Comfort Inn O’Hare Boardroom Suite Goes Viral

Filed Under: Hotels

There is a funny travel Tweet from over the weekend going viral. Twitter user @eoincarrigan was put up at the Comfort Inn O’Hare after a flight cancelation, and was assigned a “boardroom suite.” That’s a cool name, but the picture of the room is priceless.

https://twitter.com/eoincarrigan/status/1216157202924306433

HOW IS THAT SUITE REAL?! To be honest, when I saw it I almost thought it had to be a joke, or photoshop, or something.

Don’t get me wrong, there are some hotels out there that have suites with large tables that could be used for meetings. But I don’t think I’ve ever seen a suite with a conference table just immediately next to the bed.

Looking at the room types at this hotel, this does in fact seem to be real. Most rooms here go for under $100 per night (even a suite for tonight retails for $108).

But then the hotel has a presidential suite and a one bedroom conference suite, both priced at $949. Conveniently the boardroom suite doesn’t have a picture on the website, and for that matter, based on the above picture there’s nothing about this that looks like a “one bedroom” suite, as the room description suggests.

In general I can’t help but wonder what market they’re going after with either of these suites:

  • Who is paying $1,000 per night for a presidential suite at a Comfort Inn by an airport?
  • Who is going to pay over 10x the rate of a standard room for a room where they just stick a conference table right next to a bed? Wouldn’t you rather get a standard room and then rent conference space, which would still likely end up being less expensive? Or heck, go to an office supply store and by a conference table and stick it in your room (which is basically what they did here), and you’ll likely still come out ahead…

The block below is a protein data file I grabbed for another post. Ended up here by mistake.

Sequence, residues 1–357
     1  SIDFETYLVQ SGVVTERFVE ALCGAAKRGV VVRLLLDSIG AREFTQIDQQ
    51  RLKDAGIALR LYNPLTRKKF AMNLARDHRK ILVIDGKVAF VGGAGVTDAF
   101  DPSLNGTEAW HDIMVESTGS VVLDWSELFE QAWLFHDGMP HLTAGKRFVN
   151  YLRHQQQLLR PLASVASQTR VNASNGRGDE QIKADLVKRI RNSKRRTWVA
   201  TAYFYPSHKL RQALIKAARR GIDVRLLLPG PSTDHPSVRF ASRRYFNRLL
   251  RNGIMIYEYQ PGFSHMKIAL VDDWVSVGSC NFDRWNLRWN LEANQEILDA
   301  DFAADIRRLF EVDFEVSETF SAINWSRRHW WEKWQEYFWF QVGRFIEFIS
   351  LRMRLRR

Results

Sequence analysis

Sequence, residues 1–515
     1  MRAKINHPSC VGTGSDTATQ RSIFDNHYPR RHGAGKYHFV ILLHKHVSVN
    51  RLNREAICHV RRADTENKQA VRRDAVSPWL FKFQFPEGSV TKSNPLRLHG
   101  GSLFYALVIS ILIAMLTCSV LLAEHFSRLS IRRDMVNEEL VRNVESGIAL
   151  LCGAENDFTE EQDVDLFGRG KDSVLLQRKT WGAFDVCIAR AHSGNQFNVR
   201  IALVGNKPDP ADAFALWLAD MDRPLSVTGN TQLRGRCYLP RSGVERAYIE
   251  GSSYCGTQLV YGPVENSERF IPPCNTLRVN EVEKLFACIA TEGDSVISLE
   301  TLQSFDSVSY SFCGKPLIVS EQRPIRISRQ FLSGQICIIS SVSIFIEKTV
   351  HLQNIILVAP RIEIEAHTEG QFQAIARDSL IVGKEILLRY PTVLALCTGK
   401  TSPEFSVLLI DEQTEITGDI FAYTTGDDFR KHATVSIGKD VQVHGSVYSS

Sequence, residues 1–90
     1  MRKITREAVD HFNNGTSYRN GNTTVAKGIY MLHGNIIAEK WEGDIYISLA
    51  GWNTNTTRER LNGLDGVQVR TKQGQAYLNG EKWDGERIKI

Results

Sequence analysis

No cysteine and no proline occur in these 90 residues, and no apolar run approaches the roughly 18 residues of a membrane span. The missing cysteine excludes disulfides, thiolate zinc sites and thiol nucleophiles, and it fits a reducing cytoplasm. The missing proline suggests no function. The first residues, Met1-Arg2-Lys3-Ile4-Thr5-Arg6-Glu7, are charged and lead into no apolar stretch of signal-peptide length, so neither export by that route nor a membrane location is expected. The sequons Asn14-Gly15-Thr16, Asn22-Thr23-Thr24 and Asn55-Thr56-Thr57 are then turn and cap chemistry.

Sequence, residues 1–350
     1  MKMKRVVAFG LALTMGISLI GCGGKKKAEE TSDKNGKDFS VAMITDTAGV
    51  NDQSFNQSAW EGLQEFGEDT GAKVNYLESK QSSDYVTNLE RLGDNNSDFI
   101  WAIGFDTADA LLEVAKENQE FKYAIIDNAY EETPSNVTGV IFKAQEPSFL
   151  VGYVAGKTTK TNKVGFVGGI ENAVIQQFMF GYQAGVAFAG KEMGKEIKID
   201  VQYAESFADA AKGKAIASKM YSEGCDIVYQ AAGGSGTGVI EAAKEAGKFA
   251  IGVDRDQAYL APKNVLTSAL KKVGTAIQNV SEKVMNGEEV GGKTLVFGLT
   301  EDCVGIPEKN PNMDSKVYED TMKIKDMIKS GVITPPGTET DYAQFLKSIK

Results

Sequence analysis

Anyway, I don’t think I’ve ever laughed so hard after seeing a picture of a suite, so thanks to @eoincarrigan and the Comfort Inn O’Hare for that!

(Tip of the hat to @SvelteRoosevelt)

Comments
  1. I’m surprised there’s still a bed in the room, or the staff don’t offer to remove it. The TPA airport Marriott has a hospitality suite room type which has ample room for folks to meet and one king Murphy bed.

    Why would you want a room that’s explicitly for meeting or a room with no bed? The annual national convention for hiring economics faculty is one example. Here, hotel-room interviews are extremely common (we’re all traveling, we need a private place to talk for an hour, let’s go do a bunch of interviews). Hotel rooms are cheaper to rent than office space sometimes and have better privacy and amenities. And removing the bed or at least making the space explicitly professional reduces the discomfort that young faculty candidates report feeling when they walk into a room for a solo interview with a hiring representative of the opposite gender and see a bed.

  2. I stayed in a similar room at a DoubleTree in downtown Chicago. Difference was that the queen bed was actually a Murphy bed (thankfully, it was already down and set when I checked in). That way if you do have a meeting in there, you can put the bed away so it isn’t as awkward. Plus it expands the living area as there were a few couches and chairs.

  3. I stayed in a similar sort of room in a DoubleTree in Boston. It was slightly better in that it was the typical DoubleTree “suite” with the bedroom separated from the “living room” by a door, and instead of the living room, there was a conference table. I got a pretty big kick out of it. I understand that particular DoubleTree actually has (or had, it’s been a few years) a contract with an adjacent biotech company where they have those rooms permanently reserved and bookable for meetings, with the company giving them back to DoubleTree during periods of high occupancy.

  4. I’ve been in a lot of meetings held at mid/high-end hotels during conferences (Loews, Intercontinental, etc.). When they have a few dozen ~10-person meetings going on at the same time, they shove the bed back in a corner and put a table wherever it fits. Very uncomfortable and awkward… I’ve never understood whose choice that is.

  5. I had a conference table with white board in my room at an Embassy Suites in Denver (Stapleton). It was cool.